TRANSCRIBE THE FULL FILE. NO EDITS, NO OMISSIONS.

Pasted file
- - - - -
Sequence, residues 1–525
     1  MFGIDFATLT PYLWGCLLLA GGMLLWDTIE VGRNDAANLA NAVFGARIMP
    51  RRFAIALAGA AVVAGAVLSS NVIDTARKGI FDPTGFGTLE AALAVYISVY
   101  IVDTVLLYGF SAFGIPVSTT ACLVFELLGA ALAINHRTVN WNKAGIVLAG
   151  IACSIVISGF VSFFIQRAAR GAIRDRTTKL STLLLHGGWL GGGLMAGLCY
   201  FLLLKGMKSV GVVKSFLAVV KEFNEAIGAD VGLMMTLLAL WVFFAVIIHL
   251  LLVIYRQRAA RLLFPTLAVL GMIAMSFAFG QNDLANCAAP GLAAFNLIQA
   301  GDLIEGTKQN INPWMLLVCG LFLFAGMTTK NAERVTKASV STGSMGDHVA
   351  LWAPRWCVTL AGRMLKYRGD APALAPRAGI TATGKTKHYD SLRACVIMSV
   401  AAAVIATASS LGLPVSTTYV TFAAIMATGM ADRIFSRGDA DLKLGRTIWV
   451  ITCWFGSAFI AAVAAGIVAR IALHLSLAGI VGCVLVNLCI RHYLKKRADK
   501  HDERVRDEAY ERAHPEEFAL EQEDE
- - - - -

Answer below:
Sequence, residues 1–525
     1  MFGIDFATLT PYLWGCLLLA GGMLLWDTIE VGRNDAANLA NAVFGARIMP
    51  RRFAIALAGA AVVAGAVLSS NVIDTARKGI FDPTGFGTLE AALAVYISVY
   101  IVDTVLLYGF SAFGIPVSTT ACLVFELLGA ALAINHRTVN WNKAGIVLAG
   151  IACSIVISGF VSFFIQRAAR GAIRDRTTKL STLLLHGGWL GGGLMAGLCY
   201  FLLLKGMKSV GVVKSFLAVV KEFNEAIGAD VGLMMTLLAL WVFFAVIIHL
   251  LLVIYRQRAA RLLFPTLAVL GMIAMSFAFG QNDLANCAAP GLAAFNLIQA
   301  GDLIEGTKQN INPWMLLVCG LFLFAGMTTK NAERVTKASV STGSMGDHVA
   351  LWAPRWCVTL AGRMLKYRGD APALAPRAGI TATGKTKHYD SLRACVIMSV
   401  AAAVIATASS LGLPVSTTYV TFAAIMATGM ADRIFSRGDA DLKLGRTIWV
   451  ITCWFGSAFI AAVAAGIVAR IALHLSLAGI VGCVLVNLCI RHYLKKRADK
   501  HDERVRDEAY ERAHPEEFAL EQEDE